Ah, peach season. There are few things better than taking a bite out of a perfectly ripened peach and feeling the juice dribble down your chin. But what to do with the basketfuls you’ve purchased before they go bad? This was the dilemma I was recently faced with. Life is sometimes hard like that.


Having already made a pie this summer (and eaten at least four), I wanted to do something different. Fortunately, I remembered something Pat—Jaclyn’s boyfriend and chef extraordinaire—did when grilling pork tenderloin a few summers ago: he grilled some peaches to go alongside. And it was delicious.

Marina was coming over to make dinner last night, so I picked up the pork tenderloin and asked her to bring over some peaches (all of ours had just been eaten). And then we set to work:

1. We decided to make a sauce for the pork, and opted for a peach-balsamic reduction. Loosely following this recipe, Marina did the following:

  • Simmered 3/4 cups of balsamic vinegar and a healthy sprinkle of rosemary in a pan, until it was reduced by half (in other words, we watched until the vinegar shrank to fill only half of the pan).
  • Melted 2 tablespoons of butter in another pan, sliced two peaches, and added the slices to the butter to cook until “browned,” or very soft.
  • After everything cooled down a bit, she poured the balsamic vinegar and peaches into my Magic Bullet and pureed the mixture before setting it aside to thicken.


^ Marina cooking the peaches for our sauce.

2. I turned on the BBQ and grilled the pork on medium-high heat. Pork tenderloin has a sort of cylindrical shape, so I continued to rotate it while it cooked, grilling it for 5 minutes on each side until it was cooked through with just a hint of pink on the inside. It was perfect – very soft and tender.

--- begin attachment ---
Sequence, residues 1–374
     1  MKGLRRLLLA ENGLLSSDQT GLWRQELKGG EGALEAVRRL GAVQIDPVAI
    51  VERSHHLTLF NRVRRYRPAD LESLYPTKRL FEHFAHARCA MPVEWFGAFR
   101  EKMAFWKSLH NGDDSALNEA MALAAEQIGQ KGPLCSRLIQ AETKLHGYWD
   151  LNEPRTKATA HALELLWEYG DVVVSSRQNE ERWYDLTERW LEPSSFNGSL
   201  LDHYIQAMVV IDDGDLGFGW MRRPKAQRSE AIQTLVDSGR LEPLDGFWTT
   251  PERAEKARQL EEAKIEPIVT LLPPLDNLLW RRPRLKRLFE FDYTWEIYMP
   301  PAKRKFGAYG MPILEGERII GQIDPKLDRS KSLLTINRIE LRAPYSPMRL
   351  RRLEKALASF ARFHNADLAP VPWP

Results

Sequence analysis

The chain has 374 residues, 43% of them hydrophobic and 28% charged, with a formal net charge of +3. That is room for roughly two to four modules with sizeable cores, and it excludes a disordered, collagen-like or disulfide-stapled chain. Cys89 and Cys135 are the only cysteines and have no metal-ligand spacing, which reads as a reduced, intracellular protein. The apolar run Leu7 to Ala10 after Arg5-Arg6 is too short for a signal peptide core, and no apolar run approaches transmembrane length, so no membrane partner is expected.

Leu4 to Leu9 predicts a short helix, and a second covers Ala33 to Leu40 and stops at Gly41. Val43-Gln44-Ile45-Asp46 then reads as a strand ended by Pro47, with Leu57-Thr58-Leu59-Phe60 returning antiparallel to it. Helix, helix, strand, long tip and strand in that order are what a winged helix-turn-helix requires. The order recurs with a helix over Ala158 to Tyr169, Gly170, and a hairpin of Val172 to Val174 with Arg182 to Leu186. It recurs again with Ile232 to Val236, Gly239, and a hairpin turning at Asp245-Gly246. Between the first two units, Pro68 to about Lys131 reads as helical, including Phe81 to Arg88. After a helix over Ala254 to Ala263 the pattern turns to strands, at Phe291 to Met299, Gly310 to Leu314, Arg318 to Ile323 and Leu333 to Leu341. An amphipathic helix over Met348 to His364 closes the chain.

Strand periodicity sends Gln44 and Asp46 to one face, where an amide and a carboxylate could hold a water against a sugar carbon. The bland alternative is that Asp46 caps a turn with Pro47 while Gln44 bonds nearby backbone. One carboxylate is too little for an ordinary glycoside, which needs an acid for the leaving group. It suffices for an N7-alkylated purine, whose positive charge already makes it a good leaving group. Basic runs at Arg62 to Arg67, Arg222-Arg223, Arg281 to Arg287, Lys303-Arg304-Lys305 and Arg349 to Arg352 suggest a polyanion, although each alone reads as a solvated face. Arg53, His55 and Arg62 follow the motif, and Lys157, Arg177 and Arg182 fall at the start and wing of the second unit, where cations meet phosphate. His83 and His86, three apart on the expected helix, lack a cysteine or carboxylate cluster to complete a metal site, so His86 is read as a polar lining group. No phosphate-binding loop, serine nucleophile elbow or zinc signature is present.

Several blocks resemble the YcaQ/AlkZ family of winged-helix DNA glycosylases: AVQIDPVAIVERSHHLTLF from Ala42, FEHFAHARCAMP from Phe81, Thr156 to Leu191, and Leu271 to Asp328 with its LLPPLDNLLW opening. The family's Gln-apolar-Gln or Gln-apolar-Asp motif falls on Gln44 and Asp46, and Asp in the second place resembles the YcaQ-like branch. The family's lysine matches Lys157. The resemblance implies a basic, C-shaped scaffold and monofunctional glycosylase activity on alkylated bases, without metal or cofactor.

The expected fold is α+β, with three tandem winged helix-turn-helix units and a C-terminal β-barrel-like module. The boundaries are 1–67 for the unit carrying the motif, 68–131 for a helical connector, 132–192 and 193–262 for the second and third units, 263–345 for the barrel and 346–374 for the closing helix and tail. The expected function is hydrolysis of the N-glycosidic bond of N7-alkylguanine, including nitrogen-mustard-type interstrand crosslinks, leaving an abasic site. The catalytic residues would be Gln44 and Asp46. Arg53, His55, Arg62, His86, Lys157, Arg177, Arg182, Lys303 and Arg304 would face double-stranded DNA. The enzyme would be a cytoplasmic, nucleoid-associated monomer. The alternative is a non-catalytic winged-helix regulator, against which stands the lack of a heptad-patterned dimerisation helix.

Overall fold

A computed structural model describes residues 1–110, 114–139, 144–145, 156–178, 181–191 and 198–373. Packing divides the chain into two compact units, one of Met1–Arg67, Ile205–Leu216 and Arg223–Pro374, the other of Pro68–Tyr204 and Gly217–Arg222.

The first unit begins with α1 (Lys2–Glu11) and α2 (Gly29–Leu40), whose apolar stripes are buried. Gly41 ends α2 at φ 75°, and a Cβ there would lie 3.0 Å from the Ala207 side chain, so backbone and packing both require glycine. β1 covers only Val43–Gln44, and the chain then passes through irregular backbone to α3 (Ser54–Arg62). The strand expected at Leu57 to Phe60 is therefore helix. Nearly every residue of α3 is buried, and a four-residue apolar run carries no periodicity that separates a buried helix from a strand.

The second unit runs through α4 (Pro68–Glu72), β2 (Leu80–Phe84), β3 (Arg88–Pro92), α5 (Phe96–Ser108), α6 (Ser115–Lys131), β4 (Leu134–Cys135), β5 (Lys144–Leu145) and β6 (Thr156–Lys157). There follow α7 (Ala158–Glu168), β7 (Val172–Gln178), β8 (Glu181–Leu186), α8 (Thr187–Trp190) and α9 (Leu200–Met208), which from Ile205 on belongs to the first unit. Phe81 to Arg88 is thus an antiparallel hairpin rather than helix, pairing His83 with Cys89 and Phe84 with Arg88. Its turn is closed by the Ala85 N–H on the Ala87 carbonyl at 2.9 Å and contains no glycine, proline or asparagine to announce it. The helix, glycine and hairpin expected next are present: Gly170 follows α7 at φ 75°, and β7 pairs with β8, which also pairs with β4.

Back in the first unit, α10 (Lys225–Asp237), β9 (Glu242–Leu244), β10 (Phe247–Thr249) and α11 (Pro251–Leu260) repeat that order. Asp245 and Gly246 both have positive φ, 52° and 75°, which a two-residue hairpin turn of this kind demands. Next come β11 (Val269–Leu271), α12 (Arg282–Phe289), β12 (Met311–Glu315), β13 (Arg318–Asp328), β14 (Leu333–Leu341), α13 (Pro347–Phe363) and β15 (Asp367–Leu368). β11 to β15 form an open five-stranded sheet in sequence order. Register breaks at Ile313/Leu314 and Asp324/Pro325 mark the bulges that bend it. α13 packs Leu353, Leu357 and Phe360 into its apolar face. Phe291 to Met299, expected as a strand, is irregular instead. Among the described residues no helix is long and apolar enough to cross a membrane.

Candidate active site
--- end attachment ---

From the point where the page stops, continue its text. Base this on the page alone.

Note: I didn’t marinate the pork—or put anything on it at all—before grilling, because we had the peach-balsamic sauce to drizzle on it afterward. The sauce had amazing flavour, but you can always add a little something extra if you like!

3. When the pork was almost done, I sliced up a couple of peaches, tossed them in a bowl with some olive oil and rosemary, and added them to the grill (perpendicular to the grill lines) for 2-3 minutes each side. You want them to be soft, but not so mushy that they’re falling through the cracks of your BBQ!

4. At the same time that I was grilling the peaches, Marina prepared the baby bok choy that I picked up at a farmers’ market earlier this week:

  • First, she heated some olive oil and three diced cloves of garlic in a pan until the garlic was fragrant.
  • She added the bok choy a little at a time, letting it shrink down to make room before adding more (this stuff shrinks a lot – I had a whole heaping bag’s full, and she somehow managed to fit all of it in the pan!).
  • When the bok choy was dark green and wilted (after about 4 minutes), she added a splash of soy sauce and sprinkled on some chili flakes, sesame seeds, and a little ground ginger before tossing to mix it all in.


^ The grilled peaches and (some of) the bok choy.

5. We put it all together on our plates. I must say this is one of the best (and most colourful!) dinners I’ve ever made:


^ Practicing my presentation!

Note: the peaches can be eaten as a side, but are best enjoyed in mouthfuls with the pork and balsamic-peach sauce. It’s melt-in-your-mouth perfection – I promise you won’t regret it!

Stay hungry (and creative),